Four months later, Ould and Butler finally arranged to sit down together and try working out their differences. The men agreed that Butler would work with his superiors to address all the points of contention and then meet with Ould again.

However, when Butler conferred with Grant the next day, Butler said that “most emphatic verbal directions were received from the Lieutenant-General not to take any step by which another able-bodied man should be exchanged until further orders from him.”

On the 17th, Grant outlined a major policy change on the issue in a letter to Butler: “Until there is released to us an equal number of officers and men as were captured and paroled at Vicksburg and Port Hudson, not another Confederate prisoner of war will be paroled or exchanged.” Confederate officials had claimed that the troops had returned to the army prematurely due to a clerical error. Grant demanded proof, and he added another stipulation:

“No distinction whatever will be made in the exchange between white and colored prisoners, the only question being, were they, at the time of their capture, in the military service of the United States. If they were, the same terms as to treatment while prisoners and conditions of release and exchange must be exacted and had, in the case of colored soldiers as in the case of white soldiers.”

Grant further declared, “Non-acquiescence by the Confederate authorities in both or either of these propositions will be regarded as a refusal on their part to agree to the further exchange of prisoners, and will be so treated by us.” Grant elaborated on this policy in a second message to Butler the next day:

“It is hard on our men held in Southern prisons not to exchange them, but it is humanity to those left in the ranks to fight our battles. Every man we hold, when released on parole or otherwise, becomes an active soldier against us at once either directly or indirectly. If we commence a system of exchange which liberates all prisoners taken, we will have to fight on until the whole South is exterminated. If we hold those caught they amount to no more than dead men. At this particular time to release all rebel prisoners North would insure (William T.) Sherman’s defeat and would compromise our safety here.”

This new policy deprived the Confederacy of desperately needed manpower by keeping captured soldiers in prison camps. It also provided an incentive for soldiers to avoid being captured. However, the policy condemned thousands of Federal soldiers to death because the Confederacy lacked the necessities to care for its own citizens, let alone prisoners of war. The Federal blockade and growing occupation of southern regions added to the Confederate shortages and indirectly harmed the prisoners even more.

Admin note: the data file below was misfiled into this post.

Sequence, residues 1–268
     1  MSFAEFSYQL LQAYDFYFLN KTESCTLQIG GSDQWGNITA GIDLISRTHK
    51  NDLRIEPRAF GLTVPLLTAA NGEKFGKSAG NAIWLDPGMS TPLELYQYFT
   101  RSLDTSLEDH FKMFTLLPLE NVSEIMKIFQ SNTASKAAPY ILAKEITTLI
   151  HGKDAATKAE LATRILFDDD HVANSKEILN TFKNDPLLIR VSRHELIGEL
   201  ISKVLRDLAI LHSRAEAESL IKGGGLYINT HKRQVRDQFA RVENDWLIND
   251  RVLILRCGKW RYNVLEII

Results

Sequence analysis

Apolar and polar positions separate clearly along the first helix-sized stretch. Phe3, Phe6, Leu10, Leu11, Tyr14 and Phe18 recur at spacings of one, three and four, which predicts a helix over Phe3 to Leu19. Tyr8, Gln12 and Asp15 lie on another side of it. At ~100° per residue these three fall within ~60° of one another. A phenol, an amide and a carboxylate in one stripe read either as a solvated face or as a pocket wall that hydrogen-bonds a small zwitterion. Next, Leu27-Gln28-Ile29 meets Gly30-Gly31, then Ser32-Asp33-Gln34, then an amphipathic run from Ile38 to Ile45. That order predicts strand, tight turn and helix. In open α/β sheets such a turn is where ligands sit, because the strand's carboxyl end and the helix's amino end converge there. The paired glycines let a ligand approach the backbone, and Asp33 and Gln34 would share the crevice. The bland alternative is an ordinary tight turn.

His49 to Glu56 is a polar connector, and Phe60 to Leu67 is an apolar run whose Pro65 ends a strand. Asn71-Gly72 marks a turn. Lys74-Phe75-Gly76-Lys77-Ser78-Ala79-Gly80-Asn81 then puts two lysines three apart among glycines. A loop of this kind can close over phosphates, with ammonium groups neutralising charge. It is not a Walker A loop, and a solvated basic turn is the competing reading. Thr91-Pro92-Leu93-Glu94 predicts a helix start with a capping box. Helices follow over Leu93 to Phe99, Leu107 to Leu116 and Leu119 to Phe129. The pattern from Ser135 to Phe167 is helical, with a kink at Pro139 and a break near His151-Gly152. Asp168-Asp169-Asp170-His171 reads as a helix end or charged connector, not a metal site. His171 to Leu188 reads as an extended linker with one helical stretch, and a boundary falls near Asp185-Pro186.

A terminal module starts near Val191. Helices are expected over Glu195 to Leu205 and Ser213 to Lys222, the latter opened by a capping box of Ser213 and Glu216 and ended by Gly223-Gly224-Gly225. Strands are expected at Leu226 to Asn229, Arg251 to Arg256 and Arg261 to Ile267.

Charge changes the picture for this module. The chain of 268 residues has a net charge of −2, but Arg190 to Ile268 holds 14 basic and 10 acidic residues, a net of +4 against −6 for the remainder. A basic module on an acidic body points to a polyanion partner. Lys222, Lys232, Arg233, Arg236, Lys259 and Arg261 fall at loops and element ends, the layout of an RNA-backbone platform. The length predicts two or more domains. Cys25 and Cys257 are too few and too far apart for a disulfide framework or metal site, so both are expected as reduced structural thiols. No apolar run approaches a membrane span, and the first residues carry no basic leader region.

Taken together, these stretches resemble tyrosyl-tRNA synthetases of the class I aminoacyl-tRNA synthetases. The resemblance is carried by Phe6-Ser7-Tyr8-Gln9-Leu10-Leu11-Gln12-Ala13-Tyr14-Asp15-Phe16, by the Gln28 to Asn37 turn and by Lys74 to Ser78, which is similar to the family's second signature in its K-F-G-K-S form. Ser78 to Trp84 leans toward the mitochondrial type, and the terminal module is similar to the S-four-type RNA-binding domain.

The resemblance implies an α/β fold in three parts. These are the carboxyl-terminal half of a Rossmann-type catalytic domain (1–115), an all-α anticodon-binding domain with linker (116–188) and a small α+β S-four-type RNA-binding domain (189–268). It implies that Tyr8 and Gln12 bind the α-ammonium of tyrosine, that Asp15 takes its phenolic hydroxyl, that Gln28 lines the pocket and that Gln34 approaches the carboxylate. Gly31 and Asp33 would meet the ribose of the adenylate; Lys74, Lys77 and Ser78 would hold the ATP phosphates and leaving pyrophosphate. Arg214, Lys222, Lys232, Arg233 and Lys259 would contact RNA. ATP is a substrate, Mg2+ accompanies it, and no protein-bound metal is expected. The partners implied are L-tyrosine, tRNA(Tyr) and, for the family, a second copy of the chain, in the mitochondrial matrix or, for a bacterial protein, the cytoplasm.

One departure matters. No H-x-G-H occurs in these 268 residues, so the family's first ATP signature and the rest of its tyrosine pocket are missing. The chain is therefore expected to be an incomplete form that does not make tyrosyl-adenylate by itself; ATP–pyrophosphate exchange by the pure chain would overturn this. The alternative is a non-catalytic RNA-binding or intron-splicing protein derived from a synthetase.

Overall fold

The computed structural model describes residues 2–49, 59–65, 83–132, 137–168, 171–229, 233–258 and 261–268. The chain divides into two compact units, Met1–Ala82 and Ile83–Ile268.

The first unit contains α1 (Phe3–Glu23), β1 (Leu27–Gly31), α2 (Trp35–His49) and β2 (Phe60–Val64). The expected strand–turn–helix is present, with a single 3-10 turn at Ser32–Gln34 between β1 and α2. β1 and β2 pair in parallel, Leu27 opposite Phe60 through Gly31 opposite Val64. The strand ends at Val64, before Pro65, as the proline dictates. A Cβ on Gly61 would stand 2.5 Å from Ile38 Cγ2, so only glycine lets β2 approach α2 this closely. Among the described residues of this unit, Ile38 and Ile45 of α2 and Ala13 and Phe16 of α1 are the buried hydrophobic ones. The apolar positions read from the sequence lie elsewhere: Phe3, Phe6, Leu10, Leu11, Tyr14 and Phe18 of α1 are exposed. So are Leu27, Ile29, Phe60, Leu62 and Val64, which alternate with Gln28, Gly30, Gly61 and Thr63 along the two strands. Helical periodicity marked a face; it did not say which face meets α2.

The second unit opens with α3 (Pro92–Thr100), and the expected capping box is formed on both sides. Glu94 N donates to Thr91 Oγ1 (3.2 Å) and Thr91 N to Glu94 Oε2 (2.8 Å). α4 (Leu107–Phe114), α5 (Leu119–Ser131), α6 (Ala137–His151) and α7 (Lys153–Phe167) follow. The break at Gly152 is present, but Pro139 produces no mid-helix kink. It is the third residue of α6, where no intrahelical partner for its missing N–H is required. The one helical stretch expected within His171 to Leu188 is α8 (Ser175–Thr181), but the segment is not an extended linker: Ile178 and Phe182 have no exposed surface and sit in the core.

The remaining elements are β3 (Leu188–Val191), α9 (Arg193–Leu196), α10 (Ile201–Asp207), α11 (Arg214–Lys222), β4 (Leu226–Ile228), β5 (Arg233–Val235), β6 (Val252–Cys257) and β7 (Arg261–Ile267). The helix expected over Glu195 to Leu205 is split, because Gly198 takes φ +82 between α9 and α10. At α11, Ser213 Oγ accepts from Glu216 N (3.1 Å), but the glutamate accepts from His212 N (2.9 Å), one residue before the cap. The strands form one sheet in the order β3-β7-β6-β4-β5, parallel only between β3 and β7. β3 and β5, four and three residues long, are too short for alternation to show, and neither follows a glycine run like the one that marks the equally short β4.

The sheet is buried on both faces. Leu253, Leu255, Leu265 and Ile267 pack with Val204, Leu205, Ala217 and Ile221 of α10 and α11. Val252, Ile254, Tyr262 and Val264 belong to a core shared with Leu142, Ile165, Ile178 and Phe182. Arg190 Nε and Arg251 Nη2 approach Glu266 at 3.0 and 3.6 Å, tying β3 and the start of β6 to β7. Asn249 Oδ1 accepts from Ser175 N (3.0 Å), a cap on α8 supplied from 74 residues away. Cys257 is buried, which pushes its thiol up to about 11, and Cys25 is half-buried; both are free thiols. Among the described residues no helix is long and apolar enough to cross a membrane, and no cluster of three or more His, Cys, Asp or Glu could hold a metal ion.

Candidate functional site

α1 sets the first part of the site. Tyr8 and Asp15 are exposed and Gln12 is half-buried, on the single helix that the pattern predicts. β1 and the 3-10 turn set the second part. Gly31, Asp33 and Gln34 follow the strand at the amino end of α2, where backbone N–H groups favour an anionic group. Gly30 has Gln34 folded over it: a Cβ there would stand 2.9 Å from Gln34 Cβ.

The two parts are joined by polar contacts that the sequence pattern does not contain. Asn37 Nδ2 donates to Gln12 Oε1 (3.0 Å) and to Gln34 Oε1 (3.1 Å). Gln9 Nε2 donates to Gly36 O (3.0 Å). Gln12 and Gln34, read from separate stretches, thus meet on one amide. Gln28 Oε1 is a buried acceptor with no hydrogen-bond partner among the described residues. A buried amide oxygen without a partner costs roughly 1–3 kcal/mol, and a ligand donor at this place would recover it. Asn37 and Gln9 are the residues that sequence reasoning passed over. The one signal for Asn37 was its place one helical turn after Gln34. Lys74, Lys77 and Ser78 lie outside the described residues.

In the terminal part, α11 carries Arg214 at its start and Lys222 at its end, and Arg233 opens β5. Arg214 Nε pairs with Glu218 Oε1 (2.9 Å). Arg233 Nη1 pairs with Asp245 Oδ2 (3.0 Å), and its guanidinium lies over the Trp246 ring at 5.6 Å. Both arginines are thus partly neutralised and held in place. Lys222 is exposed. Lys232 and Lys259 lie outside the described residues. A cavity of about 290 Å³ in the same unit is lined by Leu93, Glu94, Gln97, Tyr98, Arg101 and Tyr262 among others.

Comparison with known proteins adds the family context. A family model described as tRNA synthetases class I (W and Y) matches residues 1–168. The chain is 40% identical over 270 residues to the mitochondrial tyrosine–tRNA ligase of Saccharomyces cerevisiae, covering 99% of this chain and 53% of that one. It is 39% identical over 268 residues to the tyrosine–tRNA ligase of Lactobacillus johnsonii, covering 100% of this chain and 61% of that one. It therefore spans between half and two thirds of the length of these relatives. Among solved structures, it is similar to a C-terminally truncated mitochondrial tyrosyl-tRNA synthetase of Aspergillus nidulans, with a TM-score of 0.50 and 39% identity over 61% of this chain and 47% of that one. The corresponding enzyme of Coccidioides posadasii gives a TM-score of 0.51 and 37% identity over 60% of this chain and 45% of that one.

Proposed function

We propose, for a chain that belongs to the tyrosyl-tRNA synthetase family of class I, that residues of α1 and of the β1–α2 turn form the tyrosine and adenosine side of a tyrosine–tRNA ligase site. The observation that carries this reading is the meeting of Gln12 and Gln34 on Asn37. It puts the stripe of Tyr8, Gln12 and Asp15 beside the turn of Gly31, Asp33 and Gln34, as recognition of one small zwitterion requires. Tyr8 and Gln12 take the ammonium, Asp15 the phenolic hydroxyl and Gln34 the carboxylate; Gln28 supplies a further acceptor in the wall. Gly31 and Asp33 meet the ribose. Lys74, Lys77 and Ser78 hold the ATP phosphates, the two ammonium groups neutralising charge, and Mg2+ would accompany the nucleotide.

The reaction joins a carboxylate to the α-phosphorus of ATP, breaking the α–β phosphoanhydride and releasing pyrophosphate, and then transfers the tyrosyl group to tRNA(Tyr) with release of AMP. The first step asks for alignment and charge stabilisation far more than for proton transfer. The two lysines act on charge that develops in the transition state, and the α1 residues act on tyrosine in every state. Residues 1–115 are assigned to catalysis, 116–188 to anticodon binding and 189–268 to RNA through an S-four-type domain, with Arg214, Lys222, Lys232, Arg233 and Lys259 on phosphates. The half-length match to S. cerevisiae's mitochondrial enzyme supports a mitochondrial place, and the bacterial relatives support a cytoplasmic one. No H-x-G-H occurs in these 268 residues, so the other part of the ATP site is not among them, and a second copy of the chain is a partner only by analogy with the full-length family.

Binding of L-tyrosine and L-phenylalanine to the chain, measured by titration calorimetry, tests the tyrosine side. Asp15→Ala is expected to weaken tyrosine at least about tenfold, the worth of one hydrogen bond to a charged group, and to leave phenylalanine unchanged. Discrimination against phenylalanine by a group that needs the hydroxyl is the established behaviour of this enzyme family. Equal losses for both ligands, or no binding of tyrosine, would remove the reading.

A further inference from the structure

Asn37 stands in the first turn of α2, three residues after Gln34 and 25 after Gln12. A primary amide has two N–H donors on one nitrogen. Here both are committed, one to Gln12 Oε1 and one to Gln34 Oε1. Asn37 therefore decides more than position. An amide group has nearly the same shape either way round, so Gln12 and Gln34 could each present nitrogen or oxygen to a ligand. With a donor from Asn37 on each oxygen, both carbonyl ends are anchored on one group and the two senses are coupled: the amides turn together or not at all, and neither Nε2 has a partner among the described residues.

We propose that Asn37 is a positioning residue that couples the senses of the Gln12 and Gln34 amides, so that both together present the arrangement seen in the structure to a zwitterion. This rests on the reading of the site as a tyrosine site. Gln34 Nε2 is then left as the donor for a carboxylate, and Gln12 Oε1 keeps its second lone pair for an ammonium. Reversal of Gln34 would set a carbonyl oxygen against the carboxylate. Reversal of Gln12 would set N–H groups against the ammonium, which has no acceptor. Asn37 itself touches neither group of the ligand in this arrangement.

General Robert E. Lee tried to personally appeal to Grant to reconsider, but Grant refused. Lee reported to President Jefferson Davis, “We have done everything in our power to mitigate the suffering of prisoners and there is no further responsibility on our part.”

This month, it was reported that Federals had captured 146,634 Confederate troops since the war began. In response to alleged mistreatment of Federal prisoners, the Federal government decreased the ration allotment to Confederate captives. On the 30th, Grant directed Butler “to receive all the sick and wounded the Confederate authorities may send you, but send no more in exchange.”

In the South, Andersonville prison camp in southwestern Georgia soon became notorious for its horrid living conditions. It held nearly 30,000 prisoners by this month, or nearly three times its capacity. Prison Commandant Henry Wirz received orders to set a “dead line” within 15 feet of the prison walls. Any prisoner crossing this line would be shot by guards.

Photographs of emaciated Federal troops recently released from Confederate prisons appeared in northern illustrated newspapers and sparked outrage. An article in the New York Times declared that this treatment should be expected from slaveholders “born to tyranny and reared to cruelty.” Both the Committee on the Conduct of the War and the U.S. Sanitary Commission published reports on the condition of Confederate prison camps based on accounts from released or escaped prisoners.

Stanton declared, “The enormity of the crime committed by the rebels cannot but fill with horror the civilized world… There appears to have been a deliberate system of savage and barbarous treatment.” However, Confederate prisoners languished in similar living conditions, even though the Federal government had the resources to provide better care.